ECTS Abstracts (2015) 1 P108

Abiraterone exerts a direct anabolic and an anti-resorptive activity on bone microenvironment

Daniele Santini, Francesco Pantano, Michele Iuliani, Marco Fioramonti, Giulia Ribelli, Alice Zoccoli & Giuseppe Tonini

Campus Bio-Medico University of Rome, Rome, Italy.

Background: Abiraterone acetate (ABI) is associated not only with a significant survival advantage in both chemotherapy-naive and -treated patients with metastatic castration-resistant prostate cancer (mCRPC), but also with a reduced pain from skeletal metastases, a delay in time to development of Skeletal Related Events (SREs) and in radiological skeletal progression. These bone benefits may be related to a direct effect on prostate cancer cells in bone or to a specific mechanism directed to bone microenvironment. To test this hypothesis we have designed an in vitro study aimed to evaluate a potential direct effect of ABI on human primary osteoclasts/osteoblasts (OCL/OBL) cultured with/without steroids.

Methods: Primary OCL were differentiated from human monocyte; primary OBL were obtained from mesenchymal stem cells. OCL differentiation and activity were evaluated by TRAP and Bone Resorption assays; OBL differentiation was analysed by ALP and Alizarin Red assays.

Results: Our results showed that non-cytotoxic doses of ABI (5 μM/10 μM) have a statistically significant inhibitory effect on OCL differentiation (P<0.001) and bone resorption activity (P<0.001) with or without steroids. Moreover, we found that ABI down-modulated the expression of OCL marker genes: TRAP (P<0.001), CATHEPSIN K (P<0.001), METALLOPROTEINASE-9 (P=0.001). Furthermore ABI strongly promoted OBL differentiation (P=0.02) and increased bone matrix deposition (P=0.014) in presence/absence of steroids. Finally ABI showed a significant up-regulation of OBL specific genes ALP (P=0.015) and OSTEOCALCIN (P=0.034). The reduction of CATHEPSIN K levels and the increase of OSTEOCALCIN expression were confirmed by western blot.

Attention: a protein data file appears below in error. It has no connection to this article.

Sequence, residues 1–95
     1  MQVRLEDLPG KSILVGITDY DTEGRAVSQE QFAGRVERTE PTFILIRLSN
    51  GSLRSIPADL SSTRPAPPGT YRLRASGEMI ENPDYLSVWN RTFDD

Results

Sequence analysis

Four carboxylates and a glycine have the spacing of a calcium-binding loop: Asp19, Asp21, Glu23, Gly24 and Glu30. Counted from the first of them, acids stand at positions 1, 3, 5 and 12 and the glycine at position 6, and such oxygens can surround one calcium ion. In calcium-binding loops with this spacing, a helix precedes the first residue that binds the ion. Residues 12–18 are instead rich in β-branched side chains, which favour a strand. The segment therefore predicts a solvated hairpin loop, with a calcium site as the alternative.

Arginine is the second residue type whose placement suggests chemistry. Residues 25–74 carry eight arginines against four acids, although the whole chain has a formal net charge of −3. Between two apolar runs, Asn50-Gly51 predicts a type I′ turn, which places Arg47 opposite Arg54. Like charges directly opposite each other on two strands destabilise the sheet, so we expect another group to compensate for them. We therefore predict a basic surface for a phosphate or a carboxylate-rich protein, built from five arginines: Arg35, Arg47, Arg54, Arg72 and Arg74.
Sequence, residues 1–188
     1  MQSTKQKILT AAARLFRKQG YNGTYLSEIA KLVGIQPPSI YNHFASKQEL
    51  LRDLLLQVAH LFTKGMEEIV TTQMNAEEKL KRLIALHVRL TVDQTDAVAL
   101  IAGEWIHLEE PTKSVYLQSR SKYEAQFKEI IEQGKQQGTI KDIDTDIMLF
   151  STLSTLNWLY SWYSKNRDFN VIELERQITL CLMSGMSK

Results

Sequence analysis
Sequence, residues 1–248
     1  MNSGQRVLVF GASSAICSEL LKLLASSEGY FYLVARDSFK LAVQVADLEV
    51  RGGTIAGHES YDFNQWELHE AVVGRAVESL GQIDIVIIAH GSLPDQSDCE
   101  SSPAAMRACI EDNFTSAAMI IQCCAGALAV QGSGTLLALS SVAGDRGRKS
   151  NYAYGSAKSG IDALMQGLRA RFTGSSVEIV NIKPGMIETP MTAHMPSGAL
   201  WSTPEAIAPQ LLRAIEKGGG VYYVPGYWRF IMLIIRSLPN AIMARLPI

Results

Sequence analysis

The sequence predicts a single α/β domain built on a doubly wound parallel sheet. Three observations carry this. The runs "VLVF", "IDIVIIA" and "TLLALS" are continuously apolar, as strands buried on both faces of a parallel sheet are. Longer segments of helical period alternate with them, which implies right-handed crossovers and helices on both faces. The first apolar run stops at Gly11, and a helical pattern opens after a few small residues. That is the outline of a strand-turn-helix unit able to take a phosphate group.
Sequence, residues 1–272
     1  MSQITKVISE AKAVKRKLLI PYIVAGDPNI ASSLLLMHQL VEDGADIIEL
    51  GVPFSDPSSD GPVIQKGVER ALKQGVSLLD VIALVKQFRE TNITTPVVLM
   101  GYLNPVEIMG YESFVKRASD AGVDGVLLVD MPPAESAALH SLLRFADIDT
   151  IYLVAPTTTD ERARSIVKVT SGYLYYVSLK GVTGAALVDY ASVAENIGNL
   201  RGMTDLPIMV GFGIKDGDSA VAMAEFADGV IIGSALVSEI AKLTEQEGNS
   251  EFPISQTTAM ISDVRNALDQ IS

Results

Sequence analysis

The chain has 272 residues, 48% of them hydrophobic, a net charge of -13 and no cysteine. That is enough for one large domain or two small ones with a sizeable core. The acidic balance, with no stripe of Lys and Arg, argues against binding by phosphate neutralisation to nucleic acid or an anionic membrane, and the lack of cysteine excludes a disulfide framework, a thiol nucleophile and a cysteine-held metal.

Conclusions: Overall, these findings represent the first evidence of a novel biological mechanism of ABI consisting in a direct bone anabolic and an anti-resorptive activity. These data may explain, together with the known antitumoural effect on CRPC cells, the high efficacy of ABI treatment in improving multiple skeletal disease specific clinical endpoints (time to SRE, bone rPFS, pain from bone metastases).

Disclosure: The authors declared no competing interests.

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